From the shops and signs that the wagon is now passing, Darl deduces that the family is approaching Jefferson. Cash is resting on top of the coffin, and Anse decides that they must get him to a doctor. Suddenly, Dewey Dell declares that she needs to head for the bushes. When she returns, she has changed into her Sunday dress. The wagon passes a group of pedestrians, who remark on the odor of the corpse. Jewel angrily confronts one of them, who pulls out a knife. Without admitting his brother is wrong, Darl restrains Jewel and settles the dispute, and they drive on into Jefferson.
Over time, most of the Bundren narrators become more rational in their recounting of events. Vardaman’s initial frantic outbursts cool into an absorbed perceptiveness more representative of his character. Dewey Dell’s hysteria gives way to a more practical outlook, and Cash progresses from a reticent carpenter into the most even-keeled and reflective voice of all. But Darl, who starts out as the clearest narrator, gradually adopts a style that reflects blind passion and anger. The literary term for this kind of inversion is chiasmus, or the diagonal or crosswise arrangement of elements. The term “chiasmus” comes from “chi,” the Greek word for the letter “X” in the Greek alphabet. The letter “X” represents the simplest form of chiasmus, as the second stroke forming the letter is a perfect inversion of the first stroke. In As I Lay Dying, the most chiastic element is the inversion of the characters’ attitudes after Addie’s death. Whereas Darl’s brothers and sister climb out of an initial period of grief into an acceptance of their loss, Darl himself falls into despair. In As I Lay Dying, the use of chiasmus serves the vital purpose of giving form to a story that might otherwise fail to have a narrative arc. The thoughts and words of the narrators may be jumbled, but the novel itself is not—it focuses on and finds order in the emotions of its protagonists, rather than in the events that drive these emotions.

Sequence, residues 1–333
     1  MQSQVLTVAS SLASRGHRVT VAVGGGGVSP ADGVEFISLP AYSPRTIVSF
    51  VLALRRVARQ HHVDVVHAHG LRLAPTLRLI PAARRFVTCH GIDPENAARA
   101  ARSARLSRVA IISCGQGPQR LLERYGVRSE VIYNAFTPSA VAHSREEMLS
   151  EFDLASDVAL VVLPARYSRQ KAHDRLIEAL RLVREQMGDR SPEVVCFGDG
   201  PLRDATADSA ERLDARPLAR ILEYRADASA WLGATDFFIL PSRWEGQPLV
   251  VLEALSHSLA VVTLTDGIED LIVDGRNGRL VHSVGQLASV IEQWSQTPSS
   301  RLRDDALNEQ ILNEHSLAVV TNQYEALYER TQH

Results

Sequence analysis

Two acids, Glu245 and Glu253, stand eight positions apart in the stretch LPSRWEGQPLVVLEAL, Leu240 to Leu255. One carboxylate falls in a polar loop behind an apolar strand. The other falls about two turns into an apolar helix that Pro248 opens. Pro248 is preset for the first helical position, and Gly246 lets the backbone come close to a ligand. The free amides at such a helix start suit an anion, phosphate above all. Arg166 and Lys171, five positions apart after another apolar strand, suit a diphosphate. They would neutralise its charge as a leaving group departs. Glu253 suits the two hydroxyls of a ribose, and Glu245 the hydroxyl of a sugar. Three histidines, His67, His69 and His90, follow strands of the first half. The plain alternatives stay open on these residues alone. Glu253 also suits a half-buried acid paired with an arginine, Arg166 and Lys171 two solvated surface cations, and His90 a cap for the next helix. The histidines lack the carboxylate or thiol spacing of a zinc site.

Darl’s burning of the barn and the changes in his narrative ability are symptoms of deeper changes in his character. Darl’s questioning of Jewel’s paternity reveals the same cruel streak that he displays when they first learn of Addie’s death and Darl sardonically reassures Jewel that Jewel’s horse is not dead. When he rescues Jewel from a brawl with a knife-wielding townsman, however, Darl reveals his concern with both his brother’s safety and dignity. This last action suggests that Darl, even though he burns down a barn—an especially serious crime in the agricultural South of Faulkner’s time, when barns were a key part of industry and personal survival—is moving toward a reconciliation with the living members of his family. Even Darl’s unkind words about Jewel’s father may be a symptom of this reconciliation, as Darl tries to deal honestly with yet another issue haunting the family.
With all the dysfunction plaguing the Bundrens, however, it is no surprise that Darl’s attempt to deal honestly with issues proves to be destructive. The members of the Bundren family have very little to their name in the way of either possessions or dignity. Because they have little else in their lives with which to preoccupy themselves, they adhere inflexibly to their mission to bury Addie in Jefferson. This gesture, however, costs them what little of value they do have: Anse’s mules, Jewel’s horse, and Cash’s leg, the loss of which amounts to the loss of his livelihood. The novel frequently mentions the stench of both Cash’s rotting leg and Addie’s corpse to remind us of the family’s desperate situation. In burning the barn, Darl may be seeking to stop this cycle of putridity. The barn’s flames complete the image of the family stuck in an inferno, but this kind of catharsis is needed to shake the family out of its stupor. Whether or not it succeeds, however, is up for debate. Darl’s burning of the barn does hasten reconciliation between Darl and Jewel, but it also compounds the family’s woes, and the mission to bury Addie is no closer to completion than before.